She calmly gave me her feeble story of knowing the dangers of smoking and quitting when she knew she would be putting her child's health at risk. I wrote down her answers with a feeling of superiority. Clearly, I had never smoked, so I viewed myself as better than her in a way - Peer Pressure hadn't gotten to me. Oh, my poor, simple mother and her misguided cigarette smoking ways. She just wasn't strong enough to stand up to Peer Pressure! (I learned later in life that, more than likely, my mom was the one who pressured her friends to smoke - in high school, nonetheless - as she was a bit of a rebel. She staged walk-outs at college, was out there burning her bra with the best of them, and actually smoked things other than just cigarettes; though, fortunately, our survey didn't ask that, as I believe my innocent little school girl head might have exploded at that prospect.) The rest of her answers were insignificant to me. I already had all the information I needed. My mother had been a smoker.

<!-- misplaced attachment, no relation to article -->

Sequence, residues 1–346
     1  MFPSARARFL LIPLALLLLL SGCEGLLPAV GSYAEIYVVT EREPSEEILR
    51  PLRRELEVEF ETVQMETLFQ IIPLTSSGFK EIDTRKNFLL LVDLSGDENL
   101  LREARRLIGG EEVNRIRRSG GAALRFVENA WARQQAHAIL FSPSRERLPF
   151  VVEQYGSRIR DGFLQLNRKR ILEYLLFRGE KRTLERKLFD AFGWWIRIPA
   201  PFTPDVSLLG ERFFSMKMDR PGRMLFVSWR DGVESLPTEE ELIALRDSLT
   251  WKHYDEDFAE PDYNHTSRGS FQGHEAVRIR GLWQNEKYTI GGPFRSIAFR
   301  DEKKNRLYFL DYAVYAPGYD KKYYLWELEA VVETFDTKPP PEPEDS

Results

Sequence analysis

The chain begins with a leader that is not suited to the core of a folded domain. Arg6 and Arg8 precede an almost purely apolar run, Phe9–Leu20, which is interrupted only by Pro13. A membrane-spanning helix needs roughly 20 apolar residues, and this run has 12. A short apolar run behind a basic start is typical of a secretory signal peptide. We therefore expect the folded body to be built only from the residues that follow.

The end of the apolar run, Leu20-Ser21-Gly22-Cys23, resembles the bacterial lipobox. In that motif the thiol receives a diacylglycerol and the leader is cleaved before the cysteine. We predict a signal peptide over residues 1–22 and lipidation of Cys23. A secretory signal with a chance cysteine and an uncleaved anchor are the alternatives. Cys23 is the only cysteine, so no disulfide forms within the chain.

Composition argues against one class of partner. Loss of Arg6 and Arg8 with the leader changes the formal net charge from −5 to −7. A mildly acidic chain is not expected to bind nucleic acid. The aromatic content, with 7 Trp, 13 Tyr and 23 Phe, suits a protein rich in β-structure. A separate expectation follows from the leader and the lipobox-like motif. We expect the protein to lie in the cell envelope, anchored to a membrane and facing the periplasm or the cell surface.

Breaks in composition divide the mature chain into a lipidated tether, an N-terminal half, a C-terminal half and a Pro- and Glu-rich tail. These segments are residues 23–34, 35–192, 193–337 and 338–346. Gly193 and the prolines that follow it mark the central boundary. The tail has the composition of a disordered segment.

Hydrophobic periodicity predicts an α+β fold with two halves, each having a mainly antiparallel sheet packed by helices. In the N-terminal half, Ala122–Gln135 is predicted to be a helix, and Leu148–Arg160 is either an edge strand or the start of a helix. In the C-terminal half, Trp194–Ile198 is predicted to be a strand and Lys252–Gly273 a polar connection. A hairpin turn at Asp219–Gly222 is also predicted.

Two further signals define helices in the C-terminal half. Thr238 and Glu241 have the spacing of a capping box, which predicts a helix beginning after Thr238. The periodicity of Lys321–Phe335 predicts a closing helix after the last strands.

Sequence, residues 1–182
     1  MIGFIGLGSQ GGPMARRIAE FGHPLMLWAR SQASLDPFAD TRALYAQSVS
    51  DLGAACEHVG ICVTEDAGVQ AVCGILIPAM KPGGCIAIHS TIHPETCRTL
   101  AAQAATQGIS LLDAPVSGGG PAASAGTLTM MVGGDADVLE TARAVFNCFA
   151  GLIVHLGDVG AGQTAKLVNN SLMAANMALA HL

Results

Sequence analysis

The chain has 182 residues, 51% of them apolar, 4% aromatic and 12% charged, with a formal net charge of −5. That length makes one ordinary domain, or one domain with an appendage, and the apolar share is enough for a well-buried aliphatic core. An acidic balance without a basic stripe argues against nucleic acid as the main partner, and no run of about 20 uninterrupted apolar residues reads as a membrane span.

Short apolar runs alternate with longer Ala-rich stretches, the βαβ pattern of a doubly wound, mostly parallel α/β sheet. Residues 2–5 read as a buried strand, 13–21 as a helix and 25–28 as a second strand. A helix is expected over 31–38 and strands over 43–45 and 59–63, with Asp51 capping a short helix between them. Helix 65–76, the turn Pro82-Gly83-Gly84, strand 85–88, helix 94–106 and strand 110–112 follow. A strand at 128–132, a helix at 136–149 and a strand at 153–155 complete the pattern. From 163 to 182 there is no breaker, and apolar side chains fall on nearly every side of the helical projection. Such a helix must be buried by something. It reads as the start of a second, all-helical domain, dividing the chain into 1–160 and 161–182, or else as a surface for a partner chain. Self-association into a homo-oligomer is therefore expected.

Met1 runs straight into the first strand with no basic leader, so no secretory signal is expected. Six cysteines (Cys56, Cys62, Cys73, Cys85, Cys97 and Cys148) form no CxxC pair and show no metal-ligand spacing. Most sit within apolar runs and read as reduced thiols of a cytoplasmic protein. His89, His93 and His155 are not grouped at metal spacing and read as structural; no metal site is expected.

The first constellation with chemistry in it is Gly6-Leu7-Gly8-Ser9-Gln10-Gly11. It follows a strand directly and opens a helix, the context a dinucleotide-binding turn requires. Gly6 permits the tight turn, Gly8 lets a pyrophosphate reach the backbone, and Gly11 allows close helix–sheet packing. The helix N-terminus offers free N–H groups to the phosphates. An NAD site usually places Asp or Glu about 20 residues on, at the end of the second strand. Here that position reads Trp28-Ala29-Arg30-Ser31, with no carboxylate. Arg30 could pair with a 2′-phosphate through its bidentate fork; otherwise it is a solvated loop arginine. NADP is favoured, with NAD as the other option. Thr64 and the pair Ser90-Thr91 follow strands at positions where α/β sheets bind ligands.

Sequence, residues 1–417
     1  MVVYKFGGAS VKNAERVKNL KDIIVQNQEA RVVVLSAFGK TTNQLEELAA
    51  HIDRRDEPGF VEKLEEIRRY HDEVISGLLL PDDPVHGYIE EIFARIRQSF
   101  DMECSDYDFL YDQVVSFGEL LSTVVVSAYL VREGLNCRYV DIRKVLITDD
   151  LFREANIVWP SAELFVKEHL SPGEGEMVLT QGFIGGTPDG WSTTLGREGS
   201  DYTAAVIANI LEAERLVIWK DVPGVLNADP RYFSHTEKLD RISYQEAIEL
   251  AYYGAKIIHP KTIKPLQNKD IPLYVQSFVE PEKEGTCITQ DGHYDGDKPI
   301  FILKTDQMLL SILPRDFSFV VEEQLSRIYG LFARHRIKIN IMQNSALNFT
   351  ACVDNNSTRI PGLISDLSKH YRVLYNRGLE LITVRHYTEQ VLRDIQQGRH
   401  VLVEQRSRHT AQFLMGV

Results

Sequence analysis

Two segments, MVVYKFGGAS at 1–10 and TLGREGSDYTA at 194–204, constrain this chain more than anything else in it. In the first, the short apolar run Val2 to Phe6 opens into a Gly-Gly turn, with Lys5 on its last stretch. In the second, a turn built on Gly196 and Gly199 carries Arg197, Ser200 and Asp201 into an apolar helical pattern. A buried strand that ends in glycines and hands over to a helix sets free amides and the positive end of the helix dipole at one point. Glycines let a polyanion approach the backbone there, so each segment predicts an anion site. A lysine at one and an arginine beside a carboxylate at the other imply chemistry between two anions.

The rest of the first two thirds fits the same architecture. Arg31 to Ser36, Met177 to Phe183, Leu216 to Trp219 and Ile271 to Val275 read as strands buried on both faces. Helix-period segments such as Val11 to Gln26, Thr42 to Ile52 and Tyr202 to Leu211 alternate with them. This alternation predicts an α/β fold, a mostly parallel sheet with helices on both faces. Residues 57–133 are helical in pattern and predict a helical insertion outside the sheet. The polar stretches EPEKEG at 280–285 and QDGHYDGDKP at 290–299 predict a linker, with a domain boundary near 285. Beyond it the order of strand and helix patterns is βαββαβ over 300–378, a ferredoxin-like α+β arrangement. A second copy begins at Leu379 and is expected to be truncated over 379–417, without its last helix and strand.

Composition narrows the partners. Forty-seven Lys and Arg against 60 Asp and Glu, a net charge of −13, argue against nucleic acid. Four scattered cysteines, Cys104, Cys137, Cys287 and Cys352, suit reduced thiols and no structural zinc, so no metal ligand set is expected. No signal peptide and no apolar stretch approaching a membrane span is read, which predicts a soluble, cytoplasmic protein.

I waited with such eager anticipation for my dad to come home that night. Finally, after dinner, I got my chance to interview him. Approaching the questions with true curiosity and no bias whatsoever, I asked him the first question, "Dad, have you ever smoked cigarettes?"
"No," was his clear and simple answer.
I was stunned. My father. Had never smoked a cigarette.
"Never?!" I screeched incredulously. "Not a single cigarette? Not even a cigar??"
"No," he said smiling, proud of his lungs' clean bill of health and the studiousness of his youth.
In light of this revelation, my father became a super hero in my mind. He had never smoked anything. In. His. Life. He was invincible. He had stared Peer Pressure in its cold, dead eyes, and he had come out victorious. Nothing could stop him. He was... My Dad.